The Norman Transcript

January 23, 2014

Dana Cramer worked 35 years at Norman Fire Department

By Jessica Bruha
The Norman Transcript

NORMAN — Norman Fire Department’s longest tenured employee celebrated his retirement with the community this week at a city hall reception.

Dana Cramer has been serving the city as a firefighter for 35 years. He has worked all three shifts and has been working in primarily rescue training for the past three or four years.

“Dana taught me a lot, just watching him,” Norman Fire Chief James Fullingim said at the reception. “You hear about servant leaders, and a lot of people think they know what that is. Well, if you really want to know what that is, you need to look at Dana because he’s been serving people as long as he’s been here.”

Fullingim said Cramer has been involved in a lot of things in both the community and the fire department over the years.

When Cramer served as president of Oklahoma State Firefighters Association, Fullingim said he remembers reading an article Cramer wrote every month, always signing it with “be a leader.”

“Every month, I’d read that paper. I’d look at that and think, ‘You know, I guess that’s true. I guess we should all be a leader.’ So, he’s had an impact on people for a long time around here,” he said.

Cramer served on the local pension board and currently serves on the state pension board, too.

“I don’t know if people really recognize the dedication and the time and effort that takes,” Fullingim said of Cramer serving on the state board.

Cramer was also one of the original members of Oklahoma Task Force 1 and has been interested in rescue for a long time, Fullingim said. He is currently a liaison for the Public Safety Sales Tax oversight committee.

“I think he may be the only person that makes it there every time. I think he makes it there more often than I do,” Fullingim said, adding that Cramer has also served on different boards throughout the community.

Cramer said he originally became a firefighter to help people.

“It was a great opportunity to help the community. My parents were involved in the community and I think that kind of brushed off onto me,” Cramer said. “It’s a good feeling to be able to help people.”

During his 35-year career, Cramer said the thing he is most proud of is receiving the David Bain Award from the OSFA. The award recognizes individuals who have provided service both to their community and the OSFA and who have also “proven to be a person of courage and impeccable character,” according to the association’s website.

Cramer was the first person to ever receive the award, which is named after a former OSFA president and Midwest City fire chief. Bain died of cancer, and the award is given in honor of him every year.

“He (Bain) was really involved in the fire service and we were really good friends,” Cramer said. “Me being friends with him, it meant a lot.”

While Cramer said he has been fortunate enough to receive a lot of accolades and awards throughout his career, he didn’t get into firefighting for the awards.

“It just kind of happened along the way. I just enjoy helping people and trying to do my little part in the world,” he said.

While Cramer said he’s looking forward to getting to play some golf with his free time and getting some things done on his “honey do” list, he still plans on staying involved in the community.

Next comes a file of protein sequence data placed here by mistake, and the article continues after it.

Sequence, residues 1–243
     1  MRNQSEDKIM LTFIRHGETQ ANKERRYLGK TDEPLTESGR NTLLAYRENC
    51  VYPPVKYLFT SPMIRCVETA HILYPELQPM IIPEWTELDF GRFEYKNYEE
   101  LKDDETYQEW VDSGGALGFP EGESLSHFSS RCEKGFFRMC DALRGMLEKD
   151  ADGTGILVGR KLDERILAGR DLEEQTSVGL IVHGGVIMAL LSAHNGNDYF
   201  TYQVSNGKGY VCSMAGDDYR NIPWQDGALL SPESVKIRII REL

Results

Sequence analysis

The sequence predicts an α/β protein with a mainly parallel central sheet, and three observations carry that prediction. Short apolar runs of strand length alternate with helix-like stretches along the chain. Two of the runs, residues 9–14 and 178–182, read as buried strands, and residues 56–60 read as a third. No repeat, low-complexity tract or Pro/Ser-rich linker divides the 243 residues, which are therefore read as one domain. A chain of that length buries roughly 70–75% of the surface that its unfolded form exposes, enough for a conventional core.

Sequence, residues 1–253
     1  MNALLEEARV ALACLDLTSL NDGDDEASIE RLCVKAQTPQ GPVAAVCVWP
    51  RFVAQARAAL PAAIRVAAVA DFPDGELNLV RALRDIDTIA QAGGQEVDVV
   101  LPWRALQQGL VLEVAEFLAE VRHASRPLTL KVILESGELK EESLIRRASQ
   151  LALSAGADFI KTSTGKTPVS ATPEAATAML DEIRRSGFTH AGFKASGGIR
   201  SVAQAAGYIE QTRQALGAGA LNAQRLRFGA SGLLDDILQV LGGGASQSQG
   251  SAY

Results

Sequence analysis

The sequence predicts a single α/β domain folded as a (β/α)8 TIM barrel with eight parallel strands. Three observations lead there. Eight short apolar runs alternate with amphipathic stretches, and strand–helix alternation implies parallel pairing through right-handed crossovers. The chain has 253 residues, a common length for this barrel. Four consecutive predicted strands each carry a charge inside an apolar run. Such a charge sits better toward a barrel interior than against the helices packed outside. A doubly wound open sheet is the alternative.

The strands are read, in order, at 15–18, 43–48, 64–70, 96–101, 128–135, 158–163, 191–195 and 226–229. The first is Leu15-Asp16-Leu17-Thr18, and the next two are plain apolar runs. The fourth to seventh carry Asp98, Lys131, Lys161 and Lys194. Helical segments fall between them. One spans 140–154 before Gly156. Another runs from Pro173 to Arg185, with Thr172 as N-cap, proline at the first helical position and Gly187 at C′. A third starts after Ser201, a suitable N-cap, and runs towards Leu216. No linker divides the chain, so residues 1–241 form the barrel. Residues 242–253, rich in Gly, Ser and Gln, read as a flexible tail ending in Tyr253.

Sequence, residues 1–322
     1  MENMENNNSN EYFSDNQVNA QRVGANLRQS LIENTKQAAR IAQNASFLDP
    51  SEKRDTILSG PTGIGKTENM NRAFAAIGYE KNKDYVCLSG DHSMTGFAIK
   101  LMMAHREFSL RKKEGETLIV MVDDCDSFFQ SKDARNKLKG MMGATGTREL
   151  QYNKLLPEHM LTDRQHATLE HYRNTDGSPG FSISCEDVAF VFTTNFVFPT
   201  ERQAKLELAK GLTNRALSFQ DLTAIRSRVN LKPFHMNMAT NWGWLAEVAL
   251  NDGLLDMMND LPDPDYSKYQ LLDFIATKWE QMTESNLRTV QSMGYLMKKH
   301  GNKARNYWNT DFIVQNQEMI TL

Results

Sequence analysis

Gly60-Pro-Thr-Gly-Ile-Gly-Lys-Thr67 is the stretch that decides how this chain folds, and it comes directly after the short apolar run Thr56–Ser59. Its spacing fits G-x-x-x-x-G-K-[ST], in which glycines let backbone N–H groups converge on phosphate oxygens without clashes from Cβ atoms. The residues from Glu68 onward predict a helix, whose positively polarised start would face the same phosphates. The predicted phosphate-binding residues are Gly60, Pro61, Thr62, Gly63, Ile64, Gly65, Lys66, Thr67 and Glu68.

He said he’s probably going to miss all of the guys at the fire department the most and the camaraderie that came along with working there, but over the years he’s learned a lot of good pranks.

“We used to have a clown society, and Dana was a member of the clown society,” Fullingim said as the crowd at the retirement reception laughed.

Fullingim had several stories to tell about Cramer’s clowning around.

“A long time ago, back when Dana used to walk and have a little spring in his step and all that stuff, he was known for grabbin’ a hold of people,” Fullingim said.

Cramer had been a wrestler, so he took advantage of the situation, coming up from behind people and putting his knuckle on a person’s chest. Then he got stabbed in the back of the hand because of it, Fullingim said as the crowd let out some more laughter.

“(The firefighter) as big as he was, as strong as he was, he still couldn’t get away, so he worked a pocket knife out of his pocket and finally stabbed Dana in the back of the hand — and Dana let go,” Fullingim said.

Then there was a time when Cramer decided to bring a turkey for Thanksgiving.

“I don’t know if he mentioned that he was going to bring a live turkey and turn it loose in the bedroom with people back there sleeping, but he did,” Fullingim said.

While there are a lot of funny stories Fullingim said he could have told, the point was that Cramer always had fun with his job. When Fullingim started his career as a firefighter at the age of 19, he said Cramer was always there looking out for him.

“He was the guy that made sure I had my pants on the night before we went out, or he tried to,” he said. “I have this problem, I don’t wake up well. So I’d put on the wrong boots, the ones that don’t have any pants with them, and Dana would help me figure it all out, get you dressed and get you on the way.”

When 6:30 a.m. would roll around, Cramer would show up with a cup of coffee telling Fullingim to get up.

“You know, that’s not the way typically the senior guy treats the new guy, but Dana’s always been that way. He’s always been the kind of guy that took care of other people.”

While 35 years is a long time, Fullingim said he thinks Cramer’s time is up.

“I think there’s someone else that’s going to greatly benefit from his presence. He’s made an impact on me, and I think he’s made an impact on everybody in this room,” he said. “Thank you and congratulations.”

Jessica Bruha


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